- Lightheadedness or dizziness
- Ringing in the ears (tinnitus)
- Irritability and other mood disturbances
- Pale skin (however, healthy-looking skin color does not rule out anemia)
- Coldness in hands or feet
- Mental confusion
Pica is an odd symptom of iron-deficiency anemia that often occurs in children. Pica is the habit of eating unusual substances, such as ice (called pagophagia), clay, cardboard, foods that crunch (such as raw potatoes, carrots, or celery), or raw starch. In many cases, iron deficiency is a cause of pica. This symptom usually stops when iron supplements are given.
Symptoms of Megaloblastic Anemia
The symptoms of megaloblastic anemia from vitamin B12 or folic acid deficiencies may include not only standard anemic symptoms, but also:
- Changes in surface of the tongue (glossitis), which gives it a shiny, red appearance
- Hair changes (thinning and greying)
- Diarrhea or constipation
- Cognitive problems (depression and memory loss)
- Nerve problems (numbness and tingling)
Anemia can be the first symptom of a serious illness, so it is very important to determine its cause.
Your health care provider will ask about:
- Your diet
- Any health conditions, surgeries, injuries, medications, or treatments that may be associated with anemia
- Any occurrence of blood in the stool or other signs of internal bleeding
- For women, any history of heavy menstrual bleeding
The provider will check for certain physical signs of anemia. They include swollen lymph nodes, an enlarged spleen, and pale skin or nail color.
Complete Blood Count (CBC)
A complete blood count (CBC) is the standard diagnostic test for anemia. The CBC is a panel of tests that measures red blood cells, white blood cells, and platelets. For diagnosis of anemia, the CBC provides critical information on the size, volume, and shape of red blood cells (erythrocytes). CBC results include measurements of hemoglobin, hematocrit, and mean corpuscular volume.
Hemoglobin: Hemoglobin is the iron-bearing and oxygen-carrying component of red blood cells. The normal value for hemoglobin varies by age and gender. Anemia is generally considered when hemoglobin concentrations fall below 11 g/dL for pregnant women, 12 g/dL for non-pregnant women, and 13 g/dL for men.
Hemoglobin concentration ranges provide information on anemia severity:
- Mild anemia is considered when hemoglobin is between 9.5 to 13.0 g/dL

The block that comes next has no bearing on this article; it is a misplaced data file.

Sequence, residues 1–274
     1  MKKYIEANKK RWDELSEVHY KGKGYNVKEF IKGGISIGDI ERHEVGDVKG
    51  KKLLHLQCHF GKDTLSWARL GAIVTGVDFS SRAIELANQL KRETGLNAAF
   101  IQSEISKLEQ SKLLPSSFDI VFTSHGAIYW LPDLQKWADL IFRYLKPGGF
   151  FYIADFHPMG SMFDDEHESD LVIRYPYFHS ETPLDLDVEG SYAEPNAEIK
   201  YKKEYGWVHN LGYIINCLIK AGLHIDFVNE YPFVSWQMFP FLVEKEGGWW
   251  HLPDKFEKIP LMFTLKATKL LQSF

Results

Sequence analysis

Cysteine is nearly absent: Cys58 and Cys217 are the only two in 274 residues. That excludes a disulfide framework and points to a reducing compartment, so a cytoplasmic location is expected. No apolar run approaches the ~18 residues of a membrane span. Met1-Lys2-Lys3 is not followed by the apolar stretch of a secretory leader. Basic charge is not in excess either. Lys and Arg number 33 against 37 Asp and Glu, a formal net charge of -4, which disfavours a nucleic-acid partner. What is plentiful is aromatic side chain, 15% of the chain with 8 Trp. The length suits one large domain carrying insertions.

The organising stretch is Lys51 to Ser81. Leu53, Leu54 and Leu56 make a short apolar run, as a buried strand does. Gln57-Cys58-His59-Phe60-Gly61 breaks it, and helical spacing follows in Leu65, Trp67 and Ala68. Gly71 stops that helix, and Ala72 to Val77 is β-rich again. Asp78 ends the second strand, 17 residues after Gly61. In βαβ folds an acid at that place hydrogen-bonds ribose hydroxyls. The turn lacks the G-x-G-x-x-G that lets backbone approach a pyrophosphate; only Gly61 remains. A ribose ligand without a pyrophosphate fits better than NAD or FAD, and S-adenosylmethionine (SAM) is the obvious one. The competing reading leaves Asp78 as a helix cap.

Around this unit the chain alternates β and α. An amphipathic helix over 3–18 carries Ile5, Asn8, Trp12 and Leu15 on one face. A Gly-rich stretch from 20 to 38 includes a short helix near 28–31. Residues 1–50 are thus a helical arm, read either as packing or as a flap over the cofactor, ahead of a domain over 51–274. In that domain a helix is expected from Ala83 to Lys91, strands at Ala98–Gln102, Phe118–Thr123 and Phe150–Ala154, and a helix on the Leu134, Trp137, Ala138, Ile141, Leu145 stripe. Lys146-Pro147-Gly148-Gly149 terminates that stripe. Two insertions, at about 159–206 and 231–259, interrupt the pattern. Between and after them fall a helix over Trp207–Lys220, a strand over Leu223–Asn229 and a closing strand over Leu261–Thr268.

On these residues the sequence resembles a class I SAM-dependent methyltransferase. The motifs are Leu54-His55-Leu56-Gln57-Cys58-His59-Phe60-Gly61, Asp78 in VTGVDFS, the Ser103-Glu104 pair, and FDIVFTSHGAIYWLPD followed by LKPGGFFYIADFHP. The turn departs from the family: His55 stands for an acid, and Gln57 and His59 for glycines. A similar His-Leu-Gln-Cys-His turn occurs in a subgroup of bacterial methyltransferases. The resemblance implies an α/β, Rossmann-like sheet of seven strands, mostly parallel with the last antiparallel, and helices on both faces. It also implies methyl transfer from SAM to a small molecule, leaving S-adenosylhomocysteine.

- Moderate anemia is considered when hemoglobin is between 8.0 to 9.5 g/dL
- Severe anemia is considered for hemoglobin concentrations below 8.0 g/dL
Hematocrit: Hematocrit is the percentage of blood composed of red blood cells. People with a high volume of plasma (the liquid portion of blood) may be anemic even if their blood count is normal because the blood cells have become diluted. Like hemoglobin, a normal hematocrit percentage depends on age and gender. In general, anemia is diagnosed when hematocrit falls below:
- 33% for children 6 months to 5 years
- 35% for children 5 to 12 years
- 36% for children 12 to 15 years
- 39% for adult men
- 36% for adult non-pregnant women
- 33% for adult pregnant women
Other hemoglobin measurements, such as mean corpuscular hemoglobin (MCH) and mean corpuscular hemoglobin concentration (MCHC) may also be calculated.
Mean Corpuscular Volume (MCV): MCV is a measurement of the average size of red blood cells. The MCV increases when red blood cells are larger than normal (macrocytic) and decreases when red blood cells are smaller than normal (microcytic). Macrocytic cells can be a sign of anemia caused by vitamin B12 deficiency, while microcytic cells are a sign of iron-deficiency anemia.
Other Iron Status Blood Tests
Serum Ferritin: Ferritin is a protein that binds to iron and helps to store iron in the body. Low levels suggest reduced iron stores. Normal values are generally 12 to 300 ng/mL for men and 12 to 150 ng/mL for women. Lower than normal levels of ferritin are a sign of iron-deficiency anemia.
Serum Iron: Serum iron measures the amount of iron in the blood. A normal serum iron is 60 to 170 mcg/dL. Lower levels may indicate iron-deficiency anemia or anemia of chronic disease.